Notes and Links from the August Meeting

Chairman’s reports

This Saturday, 11th August the Perseid meteor shower will occur on a moonless night. However, the forecast at the moment is poor.

Astronomical News

  • Members may still join arrangements for a second visit to Alston Observatory is being organised for Tuesday 2nd October
  • The NASA Parker Solar Probe is due to be launched this Saturday 11th August. The probe will fly into the solar corona and will investigate the Solar wind and the heating of the solar corona to very high temperatures.
  • A pair of images of Neptune illustrated the gain in using new Adaptive Optics by the VLT. The images demonstrate that the VLT with the latest adaptive optics can be competitive with the Hubble Space Telescope. The new technology is also applicable to the future 40m-class telescopes (e.g. the E-ELT) and is essential to get the best out of these new assets.
  • The MeerKAT interferometric radio telescope in South Africa can now produce science images. An image of the centre of the Milky Way was shown, which reveals new detail of unexplained filaments in the region.

Orbital Physics and Spacecraft Manoeuvring

A member gave an Illustrated talk and demonstration to explain an orbit: throw hard enough until your ball goes over the horizon and continues to fall towards the planet at the same rate as the ground ‘falls away’ due to the curvature of the planet resulting in a circular orbit. The problem of manoeuvring without changing orbits was illustrated with the failed docking scheduled for Gemini 4 before their first spacewalk. From a distance, increasing speed by the trailing vehicle changes the vehicle’s trajectory into a higher and more elliptical orbit.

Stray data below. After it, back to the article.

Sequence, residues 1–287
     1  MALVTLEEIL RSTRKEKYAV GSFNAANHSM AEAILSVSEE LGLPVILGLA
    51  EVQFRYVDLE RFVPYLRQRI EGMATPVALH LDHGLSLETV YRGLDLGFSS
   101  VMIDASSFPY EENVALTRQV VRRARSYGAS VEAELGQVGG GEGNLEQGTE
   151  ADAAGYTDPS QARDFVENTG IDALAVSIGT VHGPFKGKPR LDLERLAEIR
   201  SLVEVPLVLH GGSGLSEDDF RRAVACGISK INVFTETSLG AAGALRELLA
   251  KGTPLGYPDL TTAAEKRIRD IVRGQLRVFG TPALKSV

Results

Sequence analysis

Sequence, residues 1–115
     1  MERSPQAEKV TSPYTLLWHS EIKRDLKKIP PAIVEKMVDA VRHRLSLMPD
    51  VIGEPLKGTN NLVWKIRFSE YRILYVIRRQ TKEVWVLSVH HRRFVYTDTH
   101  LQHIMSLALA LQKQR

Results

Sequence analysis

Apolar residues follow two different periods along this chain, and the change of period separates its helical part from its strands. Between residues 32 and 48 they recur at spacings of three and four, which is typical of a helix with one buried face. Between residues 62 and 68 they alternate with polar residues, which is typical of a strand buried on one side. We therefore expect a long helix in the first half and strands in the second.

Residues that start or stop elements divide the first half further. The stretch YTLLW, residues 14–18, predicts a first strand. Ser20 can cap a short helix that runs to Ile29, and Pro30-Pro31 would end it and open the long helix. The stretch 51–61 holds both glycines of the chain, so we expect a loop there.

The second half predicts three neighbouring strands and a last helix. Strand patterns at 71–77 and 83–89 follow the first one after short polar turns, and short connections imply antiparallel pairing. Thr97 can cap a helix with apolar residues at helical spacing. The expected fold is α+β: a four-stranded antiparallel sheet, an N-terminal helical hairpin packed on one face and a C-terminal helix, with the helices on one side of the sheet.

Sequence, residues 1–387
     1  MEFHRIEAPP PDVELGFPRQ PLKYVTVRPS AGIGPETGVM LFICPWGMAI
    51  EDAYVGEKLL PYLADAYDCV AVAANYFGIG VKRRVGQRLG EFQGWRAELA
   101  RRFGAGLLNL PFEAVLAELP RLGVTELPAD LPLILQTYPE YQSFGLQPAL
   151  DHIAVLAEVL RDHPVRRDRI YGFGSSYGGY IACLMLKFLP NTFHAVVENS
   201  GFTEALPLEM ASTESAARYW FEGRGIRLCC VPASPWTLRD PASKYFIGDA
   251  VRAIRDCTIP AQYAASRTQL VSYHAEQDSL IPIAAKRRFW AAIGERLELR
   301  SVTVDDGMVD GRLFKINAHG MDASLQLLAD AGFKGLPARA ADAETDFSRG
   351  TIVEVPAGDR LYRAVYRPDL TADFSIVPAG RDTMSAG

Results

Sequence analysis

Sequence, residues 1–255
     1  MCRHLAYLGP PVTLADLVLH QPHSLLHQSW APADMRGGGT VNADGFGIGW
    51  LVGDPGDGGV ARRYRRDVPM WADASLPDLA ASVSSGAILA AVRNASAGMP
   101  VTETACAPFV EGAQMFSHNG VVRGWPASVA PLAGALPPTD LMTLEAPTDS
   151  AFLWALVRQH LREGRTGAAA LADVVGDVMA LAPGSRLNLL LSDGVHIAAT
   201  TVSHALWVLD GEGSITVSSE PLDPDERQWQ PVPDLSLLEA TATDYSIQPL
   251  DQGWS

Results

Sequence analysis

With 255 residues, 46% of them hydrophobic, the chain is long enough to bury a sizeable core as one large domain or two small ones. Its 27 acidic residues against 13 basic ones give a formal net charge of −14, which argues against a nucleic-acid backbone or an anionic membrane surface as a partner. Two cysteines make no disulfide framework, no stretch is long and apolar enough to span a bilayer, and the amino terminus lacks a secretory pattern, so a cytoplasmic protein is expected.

Olber’s Paradox

  Why is the night sky dark?   A member’s talk described the paradox attributed to  Heinrich Wilhelm Olbers ( 1758–1840).  Given an infinite number of stars that compensate intensity decrease with distance, the night sky should light. Although the Big Bang specifies that the material in the universe is finite, there are more than enough galaxies to cover one per a pixel on telescopes in the foreseeable future making the paradox still valid. The currently the solution accepted is that space is expanding: thus, cooling radiation and shifting radiation towards the red and radio. Other explanations are also mooted.

Explanatory solution addendum added by a member:

Infinite or not, the universe is of a size that means that even travelling as fast as they do, photons from some distant stars have yet to reach us. There will certainly be some redshift arising from the expansion of the universe, but this effect can be ignored by recasting the paradox in terms of radiation generally, rather than the much smaller visible spectrum. So irrespective of wavelength, the paradox is why there is not an infinite bath of radiation. The “fractal” explanation is a way round the homogeneous assumption inherent in the paradox, and as in the talk, the fractal calculations of the universe diverge from the required dimension. So I think we’re left with the “it hasn’t reached us yet” solution. And, of course, it never will reach us – but that’s a different talk.

Telescope Mount Alignment

The types of astronomical telescope mounts were explained by a member:  Altazimuth  and  Equatorial . Current ‘GoTo’ software offers the opportunity to iterate polar re-alignment. How accurately does the polar alignment need to be for time exposure photography? After much work and many calculations , our member discovered that the error reported by the software, for the polar misalignment, may be used as the drift across the image in 24 hours. Hence the rate of drift can be quickly calculated. The pixel coverage for a given camera together with the focal length of the system can be used to determine the sky coverage per pixel, eg 2 arc seconds/pixel. The rate of drift can then be used to determine the time to drift across one pixel (or maybe more) to find the maximum exposure time for the reported polar alignment error. In summary, tolerance for the error in polar alignment can be calculated beforehand. The telescope polar alignment procedure can then cease when within the desired tolerance.